Mobile phones users have “insufficient protections” from stalkers, experts from the University of Oxford have warned.
Research assistant Piers O’Hanlon told attendees of the BSides London security conference that there were a range of ways stalkers can track devices.
“The current security deployments make it too easy to perform these attacks,” he explained.
He told Sky News: “There are problems I discovered in the way that mobile phones communicate over WiFi that means that the phones can potentially be tracked by unknown parties, and be tracked by their unique mobile identifier.”
Currently, smartphones hand out their identities freely to any phone network base station that requests it.
Mr O’Hanlon said that without spending much, someone can “set up one of these fake access points, and then get your phone to connect to it”.
Most of the attacks that he described to the conference did this using WiFi to “catch” the International Mobile Subscriber Identity (IMSI), a 15-digit number which uniquely identifies phones and their subscriptions to the network.
These potential stalkers “might be criminal outfits, potentially, trying to track the movements of people of interest.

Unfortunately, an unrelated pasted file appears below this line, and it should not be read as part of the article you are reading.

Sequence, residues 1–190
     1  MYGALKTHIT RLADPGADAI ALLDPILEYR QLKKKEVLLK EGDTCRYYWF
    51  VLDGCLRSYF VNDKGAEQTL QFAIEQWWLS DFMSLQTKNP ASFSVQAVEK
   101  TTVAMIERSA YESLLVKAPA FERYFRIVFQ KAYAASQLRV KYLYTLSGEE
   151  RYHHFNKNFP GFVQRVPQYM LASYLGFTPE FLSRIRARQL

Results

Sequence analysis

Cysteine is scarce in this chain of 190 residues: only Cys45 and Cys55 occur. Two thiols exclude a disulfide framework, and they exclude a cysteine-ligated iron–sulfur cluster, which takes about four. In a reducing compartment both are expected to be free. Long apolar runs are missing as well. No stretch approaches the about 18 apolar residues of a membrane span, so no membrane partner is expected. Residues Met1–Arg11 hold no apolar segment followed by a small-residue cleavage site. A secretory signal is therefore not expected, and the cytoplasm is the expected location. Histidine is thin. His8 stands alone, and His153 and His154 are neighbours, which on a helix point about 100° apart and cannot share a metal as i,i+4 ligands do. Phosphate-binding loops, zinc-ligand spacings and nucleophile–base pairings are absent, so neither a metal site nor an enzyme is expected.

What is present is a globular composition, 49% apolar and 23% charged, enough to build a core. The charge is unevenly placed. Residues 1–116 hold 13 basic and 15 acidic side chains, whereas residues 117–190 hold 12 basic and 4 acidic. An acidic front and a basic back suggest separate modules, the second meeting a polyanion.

“It could potentially be used by terrorists,” Mr O’Hanlon said.
There is a limit to how much most people want to know about mobile security, he said.
“Generally they need to run their updates, especially if they’re running banking apps or if they have personal information on their phone
“But there’s not really much else that an end-user can do.”
The security issues he highlighted have to be tackled by mobile firms, he added.
“I contacted Apple, Google, Microsoft and BlackBerry, and it’s kind of in that order that they actually responded and were proactive in trying to address it,” Mr O’Hanlon said.
“Apple specifically developed a feature into iOS 10 to improve the situation.
“Google initially were not so worried but then when I told them that Apple were concerned they eventually said ‘Okay, let’s have another look’.”